6. Perrin, Richard K. & Fretes, Nickolas F. & Sesmero, Juan Pablo, 2009. "Efficiency in Midwest US corn ethanol plants: A plant survey," Energy Policy, Elsevier, vol. 37(4), pages 1309-1316, April.
    7. Xiaodong Du and Lihong Lu McPhail, 2012. "Inside the Black Box: the Price Linkage and Transmission between Energy and Agricultural Markets," The Energy Journal, International Association for Energy Economics, vol. 0(Number 2).
    8. Thomas W. Hertel & Wallace E. Tyner & Dileep K. Birur, 2010. "The Global Impacts of Biofuel Mandates," The Energy Journal, International Association for Energy Economics, vol. 0(Number 1), pages 75-100.
    9. Mallory, Mindy L. & Irwin, Scott H. & Hayes, Dermot J., 2012. "How market efficiency and the theory of storage link corn and ethanol markets," Energy Economics, Elsevier, vol. 34(6), pages 2157-2166.
    10. Mallory, Mindy L. & Irwin, Scott H. & Hayes, Dermot J., 2012. "How Market Efficiency and the Theory of Storage Link Corn and Ethanol Markets Energy Economics," ISU General Staff Papers 201211010700001537, Iowa State University, Department of Economics.
    11. Chambers, Robert G. & Pope, Rulon D., 1993. "A Virtually Ideal Production System: Specifying and Estimating the VIPS Model," Working Papers 197785, University of Maryland, Department of Agricultural and Resource Economics.
    12. Stefan Busse & Bernhard Brümmer & Rico Ihle, 2012. "Price formation in the German biodiesel supply chain: a Markov-switching vector error-correction modeling approach," Agricultural Economics, International Association of Agricultural Economists, vol. 43(5), pages 545-560, September.
    13. Chamberlain, Gary, 1982. "Multivariate regression models for panel data," Journal of Econometrics, Elsevier, vol. 18(1), pages 5-46, January.
    14. Gallagher, Paul W. & Brubaker, Heather & Shapouri, Hosein, 2005. "Plant size: Capital cost relationships in the dry mill ethanol industry," ISU General Staff Papers 200506010700001442, Iowa State University, Department of Economics.
    15. Mundlak, Yair, 1978. "On the Pooling of Time Series and Cross Section Data," Econometrica, Econometric Society, vol. 46(1), pages 69-85, January.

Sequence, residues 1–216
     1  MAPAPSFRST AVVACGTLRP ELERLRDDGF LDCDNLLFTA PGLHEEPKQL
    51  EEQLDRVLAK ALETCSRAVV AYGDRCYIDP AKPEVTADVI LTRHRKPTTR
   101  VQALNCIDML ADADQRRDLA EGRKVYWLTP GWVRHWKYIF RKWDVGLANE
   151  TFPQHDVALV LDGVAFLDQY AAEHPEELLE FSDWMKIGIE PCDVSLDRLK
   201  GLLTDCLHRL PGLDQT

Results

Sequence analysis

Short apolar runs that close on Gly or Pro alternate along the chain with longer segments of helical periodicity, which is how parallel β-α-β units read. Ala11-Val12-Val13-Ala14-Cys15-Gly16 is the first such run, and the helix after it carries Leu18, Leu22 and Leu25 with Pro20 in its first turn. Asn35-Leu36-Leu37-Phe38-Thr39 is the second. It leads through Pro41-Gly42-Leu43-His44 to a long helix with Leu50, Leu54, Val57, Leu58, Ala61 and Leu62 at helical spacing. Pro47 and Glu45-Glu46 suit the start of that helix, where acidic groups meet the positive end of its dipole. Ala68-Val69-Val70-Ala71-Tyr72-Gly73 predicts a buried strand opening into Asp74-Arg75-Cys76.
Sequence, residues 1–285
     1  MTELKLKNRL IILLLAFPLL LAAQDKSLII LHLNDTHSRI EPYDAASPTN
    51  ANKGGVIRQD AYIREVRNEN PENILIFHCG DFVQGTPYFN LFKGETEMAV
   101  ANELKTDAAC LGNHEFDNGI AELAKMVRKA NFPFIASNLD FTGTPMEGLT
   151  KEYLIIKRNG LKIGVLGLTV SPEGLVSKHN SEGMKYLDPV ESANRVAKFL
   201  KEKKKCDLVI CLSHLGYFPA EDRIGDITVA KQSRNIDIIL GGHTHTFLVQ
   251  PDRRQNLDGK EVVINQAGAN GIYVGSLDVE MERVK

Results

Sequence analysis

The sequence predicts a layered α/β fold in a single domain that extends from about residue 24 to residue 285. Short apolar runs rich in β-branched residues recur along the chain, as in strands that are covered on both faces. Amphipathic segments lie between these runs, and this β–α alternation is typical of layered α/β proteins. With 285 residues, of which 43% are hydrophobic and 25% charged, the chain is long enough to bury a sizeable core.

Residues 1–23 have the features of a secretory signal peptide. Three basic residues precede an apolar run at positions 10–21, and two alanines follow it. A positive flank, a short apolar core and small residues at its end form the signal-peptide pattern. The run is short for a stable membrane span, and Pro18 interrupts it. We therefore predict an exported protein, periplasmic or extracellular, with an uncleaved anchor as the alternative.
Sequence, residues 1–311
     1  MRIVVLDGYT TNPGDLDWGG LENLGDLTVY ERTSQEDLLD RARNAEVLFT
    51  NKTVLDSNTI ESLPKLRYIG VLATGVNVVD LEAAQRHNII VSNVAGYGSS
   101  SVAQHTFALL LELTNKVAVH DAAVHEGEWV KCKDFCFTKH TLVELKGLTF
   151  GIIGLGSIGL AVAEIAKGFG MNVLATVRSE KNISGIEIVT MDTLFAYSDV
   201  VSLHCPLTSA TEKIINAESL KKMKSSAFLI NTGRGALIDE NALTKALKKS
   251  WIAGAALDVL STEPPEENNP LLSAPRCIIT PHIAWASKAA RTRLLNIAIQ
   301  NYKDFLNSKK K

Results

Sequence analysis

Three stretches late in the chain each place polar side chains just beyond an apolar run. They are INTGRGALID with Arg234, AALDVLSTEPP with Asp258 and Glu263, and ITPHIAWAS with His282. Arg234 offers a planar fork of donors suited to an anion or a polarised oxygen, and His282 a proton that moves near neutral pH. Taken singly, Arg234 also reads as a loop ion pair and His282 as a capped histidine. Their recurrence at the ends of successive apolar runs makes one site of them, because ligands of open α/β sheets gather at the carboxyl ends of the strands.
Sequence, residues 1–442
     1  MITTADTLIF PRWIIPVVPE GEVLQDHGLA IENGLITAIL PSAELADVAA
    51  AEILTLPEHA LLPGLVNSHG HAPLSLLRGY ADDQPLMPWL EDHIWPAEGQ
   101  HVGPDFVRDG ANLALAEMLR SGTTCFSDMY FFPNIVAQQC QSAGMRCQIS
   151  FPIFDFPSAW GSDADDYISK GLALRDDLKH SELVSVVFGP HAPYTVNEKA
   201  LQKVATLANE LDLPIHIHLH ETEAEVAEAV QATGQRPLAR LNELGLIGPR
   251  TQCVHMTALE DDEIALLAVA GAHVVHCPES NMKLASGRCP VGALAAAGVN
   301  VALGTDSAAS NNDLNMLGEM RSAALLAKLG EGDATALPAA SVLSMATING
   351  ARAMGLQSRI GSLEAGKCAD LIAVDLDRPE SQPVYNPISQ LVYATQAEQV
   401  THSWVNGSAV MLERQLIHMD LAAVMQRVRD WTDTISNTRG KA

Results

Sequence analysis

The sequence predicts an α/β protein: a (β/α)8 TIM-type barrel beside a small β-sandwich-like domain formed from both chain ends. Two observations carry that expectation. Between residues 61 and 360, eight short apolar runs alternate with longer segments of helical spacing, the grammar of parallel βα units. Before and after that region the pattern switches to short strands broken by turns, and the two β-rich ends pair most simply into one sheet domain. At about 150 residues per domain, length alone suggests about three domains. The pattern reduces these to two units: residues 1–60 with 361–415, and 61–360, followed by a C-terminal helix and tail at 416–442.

16. Lambert, Dayton M. & Wilcox, Michael D. & English, Alicia & Stewart, Lance A., 2008. "Ethanol Plant Location Determinants and County Comparative Advantage," Journal of Agricultural and Applied Economics, Southern Agricultural Economics Association, vol. 40(1), pages 1-19, April.
    17. Jayson Beckman & Thomas Hertel & Farzad Taheripour & Wallace Tyner, 2012. "Structural change in the biofuels era," European Review of Agricultural Economics, Foundation for the European Review of Agricultural Economics, vol. 39(1), pages 137-156, February.
    18. Seth Meyer & Julian Binfield & Patrick Westhoff, 2012. "Technology adoption under US biofuel policies: do producers, consumers or taxpayers benefit?," European Review of Agricultural Economics, Foundation for the European Review of Agricultural Economics, vol. 39(1), pages 115-136, February.
    19. Schmit, T.M. & J., Luo & Conrad, J.M., 2011. "Estimating the influence of U.S. ethanol policy on plant investment decisions: A real options analysis with two stochastic variables," Energy Economics, Elsevier, vol. 33(6), pages 1194-1205.
    20. Mahmud, S F & Robb, A L & Scarth, William M, 1987. "On Estimating Dynamic Factor Demands," Journal of Applied Econometrics, John Wiley & Sons, Ltd., vol. 2(1), pages 69-75, January.
    21. Lancaster, Tony, 2000. "The incidental parameter problem since 1948," Journal of Econometrics, Elsevier, vol. 95(2), pages 391-413, April.
    22. Gallagher, Paul W. & Brubaker, Heather & Shapouri, Hosein, 2005. "Plant Size: Capital Cost Relationships in the Dry Mill Ethanol Industry," Staff General Research Papers Archive 12306, Iowa State University, Department of Economics.
    Full references (including those not matched with items on IDEAS)

    More about this item

    Statistics

    Access and download statistics

    Corrections

    All material on this site has been provided by the respective publishers and authors. You can help correct errors and omissions. When requesting a correction, please mention this item's handle: RePEc:bla:canjag:v:64:y:2016:i:3:p:565-587. See general information about how to correct material in RePEc.

    For technical questions regarding this item, or to correct its authors, title, abstract, bibliographic or download information, contact: (Wiley Content Delivery). General contact details of provider: http://edirc.repec.org/data/caefmea.html .

    If you have authored this item and are not yet registered with RePEc, we encourage you to do it here. This allows to link your profile to this item. It also allows you to accept potential citations to this item that we are uncertain about.

    If CitEc recognized a reference but did not link an item in RePEc to it, you can help with this form .

    If you know of missing items citing this one, you can help us creating those links by adding the relevant references in the same way as above, for each refering item. If you are a registered author of this item, you may also want to check the "citations" tab in your RePEc Author Service profile, as there may be some citations waiting for confirmation.

    Please note that corrections may take a couple of weeks to filter through the various RePEc services.

    IDEAS is a RePEc service hosted by the Research Division of the Federal Reserve Bank of St. Louis . RePEc uses bibliographic data supplied by the respective publishers.